Wednesday, 10 June 2015


It does not matter where you live,  all of us have neighbours.  Luckily I think living on a farm you are actually more in contact with your neighbours than in our urban areas.

Looking across towards Newstead from Rookwood's boundary

As a student at Stellenbosch, I was lucky to have close friends – Moonyeen and Linda Hobson, who came from a farm in the Graaff Reinet area.  I spent many a holiday with them and was always touched by their neighbourhood camaraderie and friendship.  Little did I realize that I too would end up on a farm and would also be blessed with some wonderful neighbours.

Uncle Peter Hayes with a kowe mushroom picked on the farm
Two particular neighbours have been an absolute inspiration for me while living at Rookwood.  One of them, Peter Hayes has now moved to town, but his inspiration, friendship and support will always remain positive memories in my mind. Peter’s late wife, Liz taught with me and was a natural born teacher.  My own children (and all the other children in the district) absolutely adored her.

Peter and I had one big passion in life – vultures of course!  Peter was one of the farmers in the area who operated a very successful vulture restaurant.  He had a specific site on his farm where he would put out food for these birds.  He would regularly keep me updated on what he would see and how many birds he would notice.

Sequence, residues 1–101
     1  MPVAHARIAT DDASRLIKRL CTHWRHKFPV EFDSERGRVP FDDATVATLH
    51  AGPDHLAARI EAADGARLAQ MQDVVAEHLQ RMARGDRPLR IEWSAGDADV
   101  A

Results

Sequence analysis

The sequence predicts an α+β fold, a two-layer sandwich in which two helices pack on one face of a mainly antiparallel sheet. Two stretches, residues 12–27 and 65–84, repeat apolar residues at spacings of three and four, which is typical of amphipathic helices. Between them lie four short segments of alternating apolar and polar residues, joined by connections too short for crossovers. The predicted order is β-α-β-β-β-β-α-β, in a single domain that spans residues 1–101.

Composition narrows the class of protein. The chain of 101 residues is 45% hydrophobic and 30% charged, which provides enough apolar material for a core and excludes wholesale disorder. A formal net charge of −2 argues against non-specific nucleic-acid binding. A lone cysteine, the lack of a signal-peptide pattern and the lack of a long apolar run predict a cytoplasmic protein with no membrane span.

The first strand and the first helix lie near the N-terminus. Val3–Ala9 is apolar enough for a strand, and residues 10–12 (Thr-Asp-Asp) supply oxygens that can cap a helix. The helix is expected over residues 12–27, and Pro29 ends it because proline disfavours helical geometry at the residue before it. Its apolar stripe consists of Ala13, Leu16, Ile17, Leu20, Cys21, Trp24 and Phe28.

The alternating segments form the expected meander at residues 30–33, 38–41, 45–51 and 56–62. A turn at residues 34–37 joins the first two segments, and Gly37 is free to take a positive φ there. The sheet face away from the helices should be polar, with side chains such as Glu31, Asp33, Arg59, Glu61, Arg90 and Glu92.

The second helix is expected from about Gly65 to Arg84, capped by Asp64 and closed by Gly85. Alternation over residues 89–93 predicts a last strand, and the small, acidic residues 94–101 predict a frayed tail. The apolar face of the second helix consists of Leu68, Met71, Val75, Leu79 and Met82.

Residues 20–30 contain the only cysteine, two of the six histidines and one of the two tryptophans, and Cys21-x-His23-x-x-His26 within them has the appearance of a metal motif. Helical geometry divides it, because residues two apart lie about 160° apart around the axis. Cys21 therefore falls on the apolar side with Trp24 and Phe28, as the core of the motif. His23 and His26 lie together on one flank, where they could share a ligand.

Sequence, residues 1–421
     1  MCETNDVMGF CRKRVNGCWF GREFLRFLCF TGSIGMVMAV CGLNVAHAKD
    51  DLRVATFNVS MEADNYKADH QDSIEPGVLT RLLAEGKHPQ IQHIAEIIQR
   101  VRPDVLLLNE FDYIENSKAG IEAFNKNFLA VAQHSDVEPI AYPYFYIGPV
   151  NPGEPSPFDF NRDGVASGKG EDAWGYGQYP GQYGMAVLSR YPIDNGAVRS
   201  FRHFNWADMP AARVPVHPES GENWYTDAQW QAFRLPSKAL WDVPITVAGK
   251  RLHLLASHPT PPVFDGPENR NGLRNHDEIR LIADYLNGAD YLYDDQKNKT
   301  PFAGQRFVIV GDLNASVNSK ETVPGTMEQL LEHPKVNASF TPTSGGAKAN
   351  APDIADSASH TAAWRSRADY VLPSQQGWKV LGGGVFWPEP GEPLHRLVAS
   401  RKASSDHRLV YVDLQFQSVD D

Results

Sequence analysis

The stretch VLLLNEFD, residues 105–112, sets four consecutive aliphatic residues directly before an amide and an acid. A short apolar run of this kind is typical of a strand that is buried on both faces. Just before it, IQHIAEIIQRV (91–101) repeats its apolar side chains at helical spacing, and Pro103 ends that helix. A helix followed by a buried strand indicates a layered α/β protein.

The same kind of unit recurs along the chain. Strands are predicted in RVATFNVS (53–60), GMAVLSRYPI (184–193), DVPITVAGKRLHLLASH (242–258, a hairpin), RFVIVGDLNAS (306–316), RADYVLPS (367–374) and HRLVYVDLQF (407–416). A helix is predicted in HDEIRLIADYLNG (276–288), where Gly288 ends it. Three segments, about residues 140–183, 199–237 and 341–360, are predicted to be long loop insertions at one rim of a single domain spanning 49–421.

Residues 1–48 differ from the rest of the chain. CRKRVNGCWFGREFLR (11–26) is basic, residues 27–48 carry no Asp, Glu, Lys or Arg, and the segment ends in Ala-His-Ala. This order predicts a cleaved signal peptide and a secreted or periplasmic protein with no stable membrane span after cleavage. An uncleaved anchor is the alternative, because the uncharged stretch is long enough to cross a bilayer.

a group of Cape Vultures feeding at Peter Hayes' vulture restaurant

a view of the restaurant
 The vultures that came down to feed did not battle to access their food as Peter made sure the carcasses were even skinned for them!!  Something many other farmers would not have done.  I can remember him telling me about the Lappet-faced vulture that he had seen on two different occasions.  I was always sorry I never got to see these birds, as they hardly, if ever, occur in this province now.   One incident I vividly remember Peter telling me about, was how he found one of his ewes had fallen over and that the vultures were all sitting around just looking at the sheep and not ‘going in for the kill’ as many other farmers claim they do.

Peter with his netted reservoir to prevent further drownings

Peter also had a very heart sore experience with these birds when he discovered thirteen Cape vultures had drowned in one of his reservoirs on the farm.  He was devastated and promptly made the reservoir ‘safe’ by netting the top of the structure to prevent this from ever happening again.

He not only shared stories of vultures with me, but would keep me posted on his beloved Martial Eagles (yes, he had a breeding pair on his property!), Blue cranes or any other birds he came across.  I truly treasure those discussions and was very lucky to have a neighbour like him and if I bump into Peter in town nowadays, I still share my stories with him of the vultures and other birds.

Peter giving a speech at Rookwood with Liz sitting 3rd from the left.

Our second neighbour is a legend.  Uncle George (and Aunt Cecily) Filmer, who live on the farm Newstead next door.  Rookwood was granted to the Filmer family way back in the 1850’s and Uncle George is a direct descendant from this line.  He grew up on the farm Newstead and has a wealth of knowledge of the history of this area.  Not only his knowledge of the history but also his wonderful knowledge of  our  environment, grasses, animals and rainfall patterns in this area.

Aunt Cecily